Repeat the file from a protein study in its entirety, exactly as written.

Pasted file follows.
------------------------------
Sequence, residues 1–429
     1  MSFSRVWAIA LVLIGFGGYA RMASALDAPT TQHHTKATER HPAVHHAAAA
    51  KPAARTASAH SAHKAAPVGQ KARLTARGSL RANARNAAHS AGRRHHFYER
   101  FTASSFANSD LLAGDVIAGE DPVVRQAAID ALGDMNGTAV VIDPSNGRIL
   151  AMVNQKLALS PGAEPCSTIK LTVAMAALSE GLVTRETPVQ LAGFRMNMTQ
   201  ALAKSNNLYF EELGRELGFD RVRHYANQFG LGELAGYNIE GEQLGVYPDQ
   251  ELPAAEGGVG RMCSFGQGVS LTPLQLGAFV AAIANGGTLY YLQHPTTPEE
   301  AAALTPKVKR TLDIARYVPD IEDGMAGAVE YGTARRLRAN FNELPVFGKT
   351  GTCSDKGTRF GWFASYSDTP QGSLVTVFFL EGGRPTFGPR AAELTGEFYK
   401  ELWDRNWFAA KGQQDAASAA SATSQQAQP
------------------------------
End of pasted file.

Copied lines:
Sequence, residues 1–429
     1  MSFSRVWAIA LVLIGFGGYA RMASALDAPT TQHHTKATER HPAVHHAAAA
    51  KPAARTASAH SAHKAAPVGQ KARLTARGSL RANARNAAHS AGRRHHFYER
   101  FTASSFANSD LLAGDVIAGE DPVVRQAAID ALGDMNGTAV VIDPSNGRIL
   151  AMVNQKLALS PGAEPCSTIK LTVAMAALSE GLVTRETPVQ LAGFRMNMTQ
   201  ALAKSNNLYF EELGRELGFD RVRHYANQFG LGELAGYNIE GEQLGVYPDQ
   251  ELPAAEGGVG RMCSFGQGVS LTPLQLGAFV AAIANGGTLY YLQHPTTPEE
   301  AAALTPKVKR TLDIARYVPD IEDGMAGAVE YGTARRLRAN FNELPVFGKT
   351  GTCSDKGTRF GWFASYSDTP QGSLVTVFFL EGGRPTFGPR AAELTGEFYK
   401  ELWDRNWFAA KGQQDAASAA SATSQQAQP